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Do you have a probation period in which special terms apply?

For example, you minght have a clause where you are not permitted to switch to a customer from your company, the no-competition clause. Usually, if you decide to leave within the probation period, clauses such as these don't apply.

Thats the sole reason why there is a probation period, you wish to evaluate how everything goes, and also for the company to see how you actually fit in, without much legal bindings.

The point is, if you have a probation period and the contract doesnt enforce all terms in the probation period, you can try to speak with them in that period to change the contract, or else you give a notice and leave without the problematic clause kicking in.

This is how things work in Germany, I dont know how is it in the UK but maybe you are in a similar situation.

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From the gov.uk website:

If a new employee changes their mind

If someone accepts an unconditional offer and then changes their mind, the employer can:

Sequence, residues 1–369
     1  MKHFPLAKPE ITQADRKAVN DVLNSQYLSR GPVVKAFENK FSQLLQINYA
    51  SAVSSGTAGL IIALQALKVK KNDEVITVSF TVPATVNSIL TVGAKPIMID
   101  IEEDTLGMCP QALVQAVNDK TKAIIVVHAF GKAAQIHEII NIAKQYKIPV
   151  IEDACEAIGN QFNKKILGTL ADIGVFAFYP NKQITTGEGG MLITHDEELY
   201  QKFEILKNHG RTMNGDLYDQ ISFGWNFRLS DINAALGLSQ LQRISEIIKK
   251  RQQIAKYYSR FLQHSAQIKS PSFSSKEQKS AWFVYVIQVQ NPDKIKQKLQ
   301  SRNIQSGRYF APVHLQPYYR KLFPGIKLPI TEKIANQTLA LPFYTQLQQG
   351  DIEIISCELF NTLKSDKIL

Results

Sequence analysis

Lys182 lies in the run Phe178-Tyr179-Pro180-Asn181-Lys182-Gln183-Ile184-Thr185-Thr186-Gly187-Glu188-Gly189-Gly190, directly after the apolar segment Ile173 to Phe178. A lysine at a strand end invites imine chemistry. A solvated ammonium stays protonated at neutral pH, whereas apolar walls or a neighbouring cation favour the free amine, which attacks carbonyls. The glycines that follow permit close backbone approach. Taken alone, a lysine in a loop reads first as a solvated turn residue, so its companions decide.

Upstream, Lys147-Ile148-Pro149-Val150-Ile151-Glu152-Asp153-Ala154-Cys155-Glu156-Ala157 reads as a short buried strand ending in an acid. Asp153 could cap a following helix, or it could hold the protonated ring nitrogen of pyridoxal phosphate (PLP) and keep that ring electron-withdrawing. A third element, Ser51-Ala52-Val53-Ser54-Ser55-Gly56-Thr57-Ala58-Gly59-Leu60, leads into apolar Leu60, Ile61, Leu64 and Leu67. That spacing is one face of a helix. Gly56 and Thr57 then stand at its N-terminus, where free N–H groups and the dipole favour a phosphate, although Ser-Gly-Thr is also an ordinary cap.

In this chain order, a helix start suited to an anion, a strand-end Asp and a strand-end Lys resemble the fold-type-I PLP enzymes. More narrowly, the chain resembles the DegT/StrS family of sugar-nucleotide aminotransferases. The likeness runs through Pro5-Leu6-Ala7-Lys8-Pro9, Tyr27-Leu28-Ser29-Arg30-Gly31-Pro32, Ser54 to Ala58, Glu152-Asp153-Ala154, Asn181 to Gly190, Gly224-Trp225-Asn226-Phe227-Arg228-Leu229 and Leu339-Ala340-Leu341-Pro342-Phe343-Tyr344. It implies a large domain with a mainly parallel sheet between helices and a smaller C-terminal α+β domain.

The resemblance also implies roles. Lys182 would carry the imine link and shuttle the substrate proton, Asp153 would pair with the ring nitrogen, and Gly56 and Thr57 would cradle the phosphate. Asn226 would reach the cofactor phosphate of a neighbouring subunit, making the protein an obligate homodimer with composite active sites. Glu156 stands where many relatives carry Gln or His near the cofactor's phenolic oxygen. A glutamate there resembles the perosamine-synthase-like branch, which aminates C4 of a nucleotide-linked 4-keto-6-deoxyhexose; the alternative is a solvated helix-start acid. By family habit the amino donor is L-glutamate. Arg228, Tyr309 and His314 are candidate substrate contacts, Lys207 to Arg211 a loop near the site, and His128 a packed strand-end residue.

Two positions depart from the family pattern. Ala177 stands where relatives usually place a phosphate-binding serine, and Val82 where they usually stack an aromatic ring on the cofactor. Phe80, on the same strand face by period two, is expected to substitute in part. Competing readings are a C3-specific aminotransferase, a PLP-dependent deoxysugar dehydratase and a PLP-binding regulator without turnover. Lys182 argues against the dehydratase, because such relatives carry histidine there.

• make them work out any contractual element of their notice
  • sue them for breach of contract

Whether they will do this is up to the company to decide. You'll need to liaise with the company what the next steps are and if they'll hold you to the current terms on the contract. If they do and you choose to not reciprocate, you are liable to be taken to court.

  • FWIW for my experience in the UK contracts have a short window after the start date where there's a very short notice period or none at all where either party can terminate the employment. Obviously this is after the start date but could be something to consider. – TheLethalCompany Mar 20 '18 at 12:49
  • Indeed, very true. However that does depend on the company and contract. a lot of the time they have a probation period that works both ways, but it's always best to check the contract – Draken Mar 20 '18 at 13:21
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From What to do if you’ve accepted the wrong job offer, at The Careers Blog:

Well, you have signed a contract so you might be in breach of that. Normally the employer can only take action on that breach if it has suffered a loss. It is hard to see what the loss might be. Your employment contract almost certainly specifies a notice period which is not usually longer than a month when you start. So, you could start, give a month’s notice and then leave without breaching the contract. In reality that would cost the employer a whole lot more than the cost to it if you withdraw prior to starting. It is very unlikely that the company will take action for breach of contract.

Do what is right for you, but do it as soon as you can and in person with apologies and humility. The organisation from which you are withdrawing is entitled to expect your honesty.